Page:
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22 March 2012
New human species or isolated tribe?

A debate has begun over the discovery, in south west China, of the bones of what could possibly be a new human species. The fossilised skeletons and skulls have been nicknamed as the 'red deer cave people' after the remains of charred deer bones which were found alongside them. The skulls have been dated at between 12,500 and 7,500 BCE and carry some distinctive features.
     The main research has been carried out by Professor Darren Curnoe of the University of New South Wales, Australia, in conjunction with Professor Ji Xueping of the Yunnan Institute of Cultural Relics and Archaeology. Professor Curnoe is quoted as saying "Their skulls are an unusual mosaic of primitive features, like those seen in our ancestors hundreds of thousands of years ago, some modern traits, similar to living people, and several unique features. In short, they're anatomically unique amongst all members of the evolutionary tree".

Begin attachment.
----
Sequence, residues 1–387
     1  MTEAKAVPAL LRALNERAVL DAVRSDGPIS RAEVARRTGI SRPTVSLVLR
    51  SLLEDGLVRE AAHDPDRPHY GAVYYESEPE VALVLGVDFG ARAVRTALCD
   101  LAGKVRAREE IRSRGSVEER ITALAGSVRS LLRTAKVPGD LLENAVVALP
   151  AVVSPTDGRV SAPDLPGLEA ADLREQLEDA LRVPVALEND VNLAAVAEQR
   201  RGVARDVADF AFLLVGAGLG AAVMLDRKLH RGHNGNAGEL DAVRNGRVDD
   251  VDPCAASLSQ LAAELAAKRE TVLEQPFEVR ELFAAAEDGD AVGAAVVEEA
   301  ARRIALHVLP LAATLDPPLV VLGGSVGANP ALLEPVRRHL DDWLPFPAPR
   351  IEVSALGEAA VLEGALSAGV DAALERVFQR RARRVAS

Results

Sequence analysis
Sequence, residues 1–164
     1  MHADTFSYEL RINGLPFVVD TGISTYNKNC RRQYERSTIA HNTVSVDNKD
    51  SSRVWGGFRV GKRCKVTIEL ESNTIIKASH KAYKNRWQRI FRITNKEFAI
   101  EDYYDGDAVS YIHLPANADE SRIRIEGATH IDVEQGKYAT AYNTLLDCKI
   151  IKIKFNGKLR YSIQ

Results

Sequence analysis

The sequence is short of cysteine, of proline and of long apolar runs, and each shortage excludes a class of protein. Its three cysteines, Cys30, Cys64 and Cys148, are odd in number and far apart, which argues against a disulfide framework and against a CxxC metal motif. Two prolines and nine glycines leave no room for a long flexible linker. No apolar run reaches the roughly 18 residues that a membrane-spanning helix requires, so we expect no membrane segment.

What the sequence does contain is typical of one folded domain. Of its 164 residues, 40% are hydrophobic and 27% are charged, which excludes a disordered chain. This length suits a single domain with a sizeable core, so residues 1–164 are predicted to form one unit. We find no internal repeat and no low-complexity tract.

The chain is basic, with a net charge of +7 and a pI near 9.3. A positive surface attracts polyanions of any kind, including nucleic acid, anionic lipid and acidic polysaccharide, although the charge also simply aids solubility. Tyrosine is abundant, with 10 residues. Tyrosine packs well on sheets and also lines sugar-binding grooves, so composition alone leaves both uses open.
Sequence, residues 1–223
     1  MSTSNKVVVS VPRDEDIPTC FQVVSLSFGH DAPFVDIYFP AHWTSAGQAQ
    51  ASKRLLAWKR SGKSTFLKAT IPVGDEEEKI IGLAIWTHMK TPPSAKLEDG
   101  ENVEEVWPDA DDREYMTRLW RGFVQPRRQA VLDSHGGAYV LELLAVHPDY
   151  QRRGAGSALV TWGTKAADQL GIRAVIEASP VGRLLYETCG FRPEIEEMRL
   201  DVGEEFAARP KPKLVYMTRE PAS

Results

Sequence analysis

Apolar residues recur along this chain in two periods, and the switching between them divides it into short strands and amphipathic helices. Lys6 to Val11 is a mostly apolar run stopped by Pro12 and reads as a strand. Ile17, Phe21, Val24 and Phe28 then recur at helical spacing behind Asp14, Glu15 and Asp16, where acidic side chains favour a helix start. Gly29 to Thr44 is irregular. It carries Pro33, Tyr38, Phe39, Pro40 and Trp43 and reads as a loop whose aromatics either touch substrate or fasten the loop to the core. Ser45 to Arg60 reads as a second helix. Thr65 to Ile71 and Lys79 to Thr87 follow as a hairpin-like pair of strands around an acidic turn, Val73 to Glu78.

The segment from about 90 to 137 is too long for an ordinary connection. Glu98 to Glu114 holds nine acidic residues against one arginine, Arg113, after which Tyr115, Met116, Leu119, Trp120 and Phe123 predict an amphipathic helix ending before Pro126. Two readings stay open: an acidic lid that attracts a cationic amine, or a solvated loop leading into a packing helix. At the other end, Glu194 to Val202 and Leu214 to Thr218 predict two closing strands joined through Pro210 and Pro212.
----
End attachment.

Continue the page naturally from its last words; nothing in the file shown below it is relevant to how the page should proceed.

Another school of thought follows the argument that their 'uniqueness' was due to their isolation and subsequent lack of 'absorption' into the mainstream. Professor Curnoe goes on to say "While finely balanced, I think the evidence is slightly weighted towards the red deer cave people representing a new evolutionary line. They look very different to all modern humans, whether alive today or in Africa 150,000 years ago".
     It is hoped that analysis of the DNA of the skulls should resolve the question, one way or the other.

Edited from National Geographic (14 March 2012) The Independent (15 March 2012)

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